Network Security Essentials. Fifth Edition by William Stallings. Chapter 11. Intruders.
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by William Stallings
They agreed that Graham should set the test for Charles Mabledene. It was neither more nor less than that Dragon should get Stern’s code. If he had the ‘in’ at Utting which he claimed to have this should be possible, only loyalty to Moscow Centre would prevent it. If he got the key to the code he would prove his loyalty to London Central beyond a doubt.
—Talking to Strange Men, Ruth Rendell
1. Try default passwords used with standard accounts that are shipped with the system. Many administrators do not bother to change these defaults.
2. Exhaustively try all short passwords (those of one to three characters).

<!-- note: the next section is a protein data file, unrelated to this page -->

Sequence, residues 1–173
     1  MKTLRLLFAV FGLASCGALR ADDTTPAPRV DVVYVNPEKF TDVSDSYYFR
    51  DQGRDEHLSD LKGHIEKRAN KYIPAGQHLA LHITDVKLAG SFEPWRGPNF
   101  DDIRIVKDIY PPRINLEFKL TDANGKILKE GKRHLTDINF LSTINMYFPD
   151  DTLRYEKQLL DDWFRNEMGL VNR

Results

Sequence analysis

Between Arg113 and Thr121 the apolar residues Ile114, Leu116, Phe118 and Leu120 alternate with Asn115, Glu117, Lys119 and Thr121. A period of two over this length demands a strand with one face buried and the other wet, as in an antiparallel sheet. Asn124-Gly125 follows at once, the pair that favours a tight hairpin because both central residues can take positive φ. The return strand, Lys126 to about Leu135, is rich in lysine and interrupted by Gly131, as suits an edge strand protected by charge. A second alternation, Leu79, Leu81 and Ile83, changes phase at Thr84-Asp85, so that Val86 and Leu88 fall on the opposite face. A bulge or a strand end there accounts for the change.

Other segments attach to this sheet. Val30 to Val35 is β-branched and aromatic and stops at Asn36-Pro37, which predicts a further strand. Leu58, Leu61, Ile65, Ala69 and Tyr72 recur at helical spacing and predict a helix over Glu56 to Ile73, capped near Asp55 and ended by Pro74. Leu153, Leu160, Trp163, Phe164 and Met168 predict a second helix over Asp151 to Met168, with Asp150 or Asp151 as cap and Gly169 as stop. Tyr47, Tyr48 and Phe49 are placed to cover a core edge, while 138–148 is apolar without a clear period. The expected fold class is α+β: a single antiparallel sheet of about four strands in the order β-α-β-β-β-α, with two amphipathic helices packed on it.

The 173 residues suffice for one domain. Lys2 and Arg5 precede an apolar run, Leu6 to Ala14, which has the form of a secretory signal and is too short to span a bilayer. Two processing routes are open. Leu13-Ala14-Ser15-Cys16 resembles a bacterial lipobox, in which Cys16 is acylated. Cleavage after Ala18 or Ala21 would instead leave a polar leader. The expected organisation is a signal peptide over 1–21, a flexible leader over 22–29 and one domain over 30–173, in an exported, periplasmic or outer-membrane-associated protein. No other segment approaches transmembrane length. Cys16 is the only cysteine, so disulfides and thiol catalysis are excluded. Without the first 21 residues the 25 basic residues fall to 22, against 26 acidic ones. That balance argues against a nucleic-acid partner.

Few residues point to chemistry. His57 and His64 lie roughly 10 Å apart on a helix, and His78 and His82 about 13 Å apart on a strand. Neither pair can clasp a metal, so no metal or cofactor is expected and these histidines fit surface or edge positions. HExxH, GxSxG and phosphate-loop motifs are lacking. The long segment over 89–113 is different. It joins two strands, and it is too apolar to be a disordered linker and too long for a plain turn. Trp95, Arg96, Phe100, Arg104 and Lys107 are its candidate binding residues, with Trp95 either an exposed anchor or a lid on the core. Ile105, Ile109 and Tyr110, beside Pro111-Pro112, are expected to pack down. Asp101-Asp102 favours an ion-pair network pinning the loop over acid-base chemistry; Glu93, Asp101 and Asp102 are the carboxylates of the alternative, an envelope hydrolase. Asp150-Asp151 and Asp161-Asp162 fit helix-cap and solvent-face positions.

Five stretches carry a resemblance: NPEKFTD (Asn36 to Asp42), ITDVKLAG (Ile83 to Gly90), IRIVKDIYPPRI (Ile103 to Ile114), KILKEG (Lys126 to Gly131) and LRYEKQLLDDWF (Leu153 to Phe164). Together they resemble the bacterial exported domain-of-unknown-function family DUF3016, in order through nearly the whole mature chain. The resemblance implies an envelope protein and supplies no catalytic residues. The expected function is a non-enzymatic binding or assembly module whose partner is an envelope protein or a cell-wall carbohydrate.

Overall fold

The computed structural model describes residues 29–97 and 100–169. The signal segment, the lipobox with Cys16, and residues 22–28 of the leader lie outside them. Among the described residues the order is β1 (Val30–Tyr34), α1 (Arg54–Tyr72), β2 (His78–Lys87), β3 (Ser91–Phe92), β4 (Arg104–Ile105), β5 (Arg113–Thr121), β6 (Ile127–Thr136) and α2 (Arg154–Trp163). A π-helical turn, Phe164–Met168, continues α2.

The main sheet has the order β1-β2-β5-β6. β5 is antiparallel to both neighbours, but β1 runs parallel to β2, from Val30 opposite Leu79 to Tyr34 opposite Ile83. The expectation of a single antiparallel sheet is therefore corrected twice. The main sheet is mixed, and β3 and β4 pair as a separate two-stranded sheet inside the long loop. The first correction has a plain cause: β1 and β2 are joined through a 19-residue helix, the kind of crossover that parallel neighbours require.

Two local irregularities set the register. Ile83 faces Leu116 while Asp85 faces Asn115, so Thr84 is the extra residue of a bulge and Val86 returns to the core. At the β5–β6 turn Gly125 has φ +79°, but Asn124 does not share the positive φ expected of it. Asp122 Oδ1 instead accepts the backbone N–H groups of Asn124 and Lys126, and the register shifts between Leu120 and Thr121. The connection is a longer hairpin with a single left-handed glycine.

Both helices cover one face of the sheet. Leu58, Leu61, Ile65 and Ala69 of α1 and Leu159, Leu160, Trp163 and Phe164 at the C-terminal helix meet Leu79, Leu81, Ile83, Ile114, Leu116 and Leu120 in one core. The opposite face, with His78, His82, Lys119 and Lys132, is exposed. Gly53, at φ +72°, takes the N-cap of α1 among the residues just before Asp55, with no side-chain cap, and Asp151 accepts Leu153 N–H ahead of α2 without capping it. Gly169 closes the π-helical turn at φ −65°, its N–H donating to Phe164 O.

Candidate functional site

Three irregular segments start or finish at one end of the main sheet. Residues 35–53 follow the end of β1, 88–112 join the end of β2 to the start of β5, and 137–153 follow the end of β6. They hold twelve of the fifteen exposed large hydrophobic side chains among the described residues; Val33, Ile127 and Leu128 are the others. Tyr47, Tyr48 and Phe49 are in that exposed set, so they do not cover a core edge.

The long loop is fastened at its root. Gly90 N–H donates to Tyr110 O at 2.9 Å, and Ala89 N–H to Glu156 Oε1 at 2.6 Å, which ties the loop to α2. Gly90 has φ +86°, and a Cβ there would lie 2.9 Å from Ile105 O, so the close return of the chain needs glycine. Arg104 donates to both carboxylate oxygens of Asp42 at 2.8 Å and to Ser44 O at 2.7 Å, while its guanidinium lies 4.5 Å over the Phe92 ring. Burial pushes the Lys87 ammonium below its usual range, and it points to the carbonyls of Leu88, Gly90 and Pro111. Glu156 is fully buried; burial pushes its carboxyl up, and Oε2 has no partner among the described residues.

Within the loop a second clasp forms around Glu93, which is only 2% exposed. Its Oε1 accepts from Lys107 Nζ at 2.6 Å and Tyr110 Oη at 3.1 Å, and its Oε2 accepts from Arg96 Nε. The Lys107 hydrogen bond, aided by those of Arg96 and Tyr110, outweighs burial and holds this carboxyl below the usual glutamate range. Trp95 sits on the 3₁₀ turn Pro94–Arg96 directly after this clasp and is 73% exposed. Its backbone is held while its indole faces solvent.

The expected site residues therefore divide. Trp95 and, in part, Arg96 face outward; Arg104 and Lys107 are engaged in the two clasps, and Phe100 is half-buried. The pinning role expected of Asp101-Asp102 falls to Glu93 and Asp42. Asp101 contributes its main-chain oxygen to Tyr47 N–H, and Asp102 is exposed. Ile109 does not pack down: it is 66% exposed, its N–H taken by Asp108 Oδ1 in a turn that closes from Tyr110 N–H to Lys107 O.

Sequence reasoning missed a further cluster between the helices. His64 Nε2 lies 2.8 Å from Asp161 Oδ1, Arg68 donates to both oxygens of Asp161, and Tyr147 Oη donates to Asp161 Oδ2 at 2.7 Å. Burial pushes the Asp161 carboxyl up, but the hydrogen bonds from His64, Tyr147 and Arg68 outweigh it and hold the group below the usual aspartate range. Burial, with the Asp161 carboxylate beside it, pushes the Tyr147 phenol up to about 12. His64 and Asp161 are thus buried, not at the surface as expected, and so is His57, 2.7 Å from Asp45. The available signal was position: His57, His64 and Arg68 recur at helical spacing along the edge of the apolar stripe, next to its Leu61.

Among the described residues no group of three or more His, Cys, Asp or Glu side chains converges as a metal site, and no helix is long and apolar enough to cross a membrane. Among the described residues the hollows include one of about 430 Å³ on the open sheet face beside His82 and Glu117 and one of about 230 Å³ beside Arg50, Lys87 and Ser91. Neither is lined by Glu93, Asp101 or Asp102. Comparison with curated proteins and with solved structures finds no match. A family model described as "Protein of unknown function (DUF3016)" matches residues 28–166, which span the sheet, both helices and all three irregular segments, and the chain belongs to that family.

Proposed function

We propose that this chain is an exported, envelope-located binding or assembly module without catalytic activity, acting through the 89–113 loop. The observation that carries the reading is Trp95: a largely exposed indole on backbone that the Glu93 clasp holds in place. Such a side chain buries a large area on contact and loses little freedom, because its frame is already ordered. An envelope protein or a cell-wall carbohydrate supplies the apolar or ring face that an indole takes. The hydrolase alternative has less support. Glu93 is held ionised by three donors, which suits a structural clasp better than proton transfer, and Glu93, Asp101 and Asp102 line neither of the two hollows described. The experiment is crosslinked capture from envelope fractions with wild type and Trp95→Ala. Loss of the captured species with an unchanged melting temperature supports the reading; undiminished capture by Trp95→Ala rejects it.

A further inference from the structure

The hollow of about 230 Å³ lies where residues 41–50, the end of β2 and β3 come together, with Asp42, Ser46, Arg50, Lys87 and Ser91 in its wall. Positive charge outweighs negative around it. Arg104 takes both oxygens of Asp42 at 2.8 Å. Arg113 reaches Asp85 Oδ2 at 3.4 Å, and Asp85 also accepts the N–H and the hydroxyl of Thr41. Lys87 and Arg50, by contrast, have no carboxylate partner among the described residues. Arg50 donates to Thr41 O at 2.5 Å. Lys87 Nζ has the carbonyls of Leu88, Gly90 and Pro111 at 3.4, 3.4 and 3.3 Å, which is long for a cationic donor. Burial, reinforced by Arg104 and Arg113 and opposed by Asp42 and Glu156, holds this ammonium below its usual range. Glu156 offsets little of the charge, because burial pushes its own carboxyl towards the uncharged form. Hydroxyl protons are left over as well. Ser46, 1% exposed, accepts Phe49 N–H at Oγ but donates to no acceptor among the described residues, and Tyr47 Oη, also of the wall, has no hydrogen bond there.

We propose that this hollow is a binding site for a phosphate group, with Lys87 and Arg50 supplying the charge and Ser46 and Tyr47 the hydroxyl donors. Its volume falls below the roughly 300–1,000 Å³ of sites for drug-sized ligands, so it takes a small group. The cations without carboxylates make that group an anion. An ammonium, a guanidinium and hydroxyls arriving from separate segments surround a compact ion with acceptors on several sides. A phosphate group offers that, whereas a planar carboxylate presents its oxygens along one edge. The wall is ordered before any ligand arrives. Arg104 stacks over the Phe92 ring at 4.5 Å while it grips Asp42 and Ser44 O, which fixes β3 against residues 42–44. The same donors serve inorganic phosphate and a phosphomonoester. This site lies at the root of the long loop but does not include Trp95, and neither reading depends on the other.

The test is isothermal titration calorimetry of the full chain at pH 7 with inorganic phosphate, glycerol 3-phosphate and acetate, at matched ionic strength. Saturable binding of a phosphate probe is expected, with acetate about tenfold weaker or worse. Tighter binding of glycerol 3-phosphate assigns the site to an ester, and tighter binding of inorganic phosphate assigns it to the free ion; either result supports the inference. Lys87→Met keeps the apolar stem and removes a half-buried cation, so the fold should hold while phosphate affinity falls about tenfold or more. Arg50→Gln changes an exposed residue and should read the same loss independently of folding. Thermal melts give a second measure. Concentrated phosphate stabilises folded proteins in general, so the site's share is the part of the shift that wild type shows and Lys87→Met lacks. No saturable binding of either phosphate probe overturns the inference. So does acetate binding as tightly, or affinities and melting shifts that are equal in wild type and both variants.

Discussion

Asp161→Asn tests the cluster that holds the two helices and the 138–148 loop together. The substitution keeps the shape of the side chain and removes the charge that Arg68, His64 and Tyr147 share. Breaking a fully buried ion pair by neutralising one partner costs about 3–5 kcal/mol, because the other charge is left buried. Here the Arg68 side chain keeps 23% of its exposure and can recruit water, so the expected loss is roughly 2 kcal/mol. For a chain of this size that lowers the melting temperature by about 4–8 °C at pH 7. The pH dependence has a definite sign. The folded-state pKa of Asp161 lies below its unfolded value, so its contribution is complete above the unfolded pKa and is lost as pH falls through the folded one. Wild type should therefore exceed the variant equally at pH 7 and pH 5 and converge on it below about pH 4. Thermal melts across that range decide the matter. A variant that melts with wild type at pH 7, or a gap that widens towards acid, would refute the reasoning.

3. Try words in the system’s online dictionary or a list of likely passwords.
Examples of the latter are readily available on hacker bulletin boards.
4. Collect information about users, such as their full names, the names of their
spouse and children, pictures in their office, and books in their office that are
related to hobbies.
5. Try users’ phone numbers, Social Security numbers, and room numbers.
6. Try all legitimate license plate numbers for this state.
7. Use a Trojan horse (described in Chapter 10) to bypass restrictions on access.
8. Tap the line between a remote user and the host system.
(This table can be found on page 348 in the textbook.)
USTAT Actions versus SunOS Event Types
Observed Password Lengths [SPAF92a]
Passwords Cracked from a Sample Set of 13,797 Accounts [KLEI90]
(This table can be found on page 364 in the textbook.)
* Computed as the number of matches divided by the search size. The more words that needed to be tested for a match, the lower the cost/benefit ratio.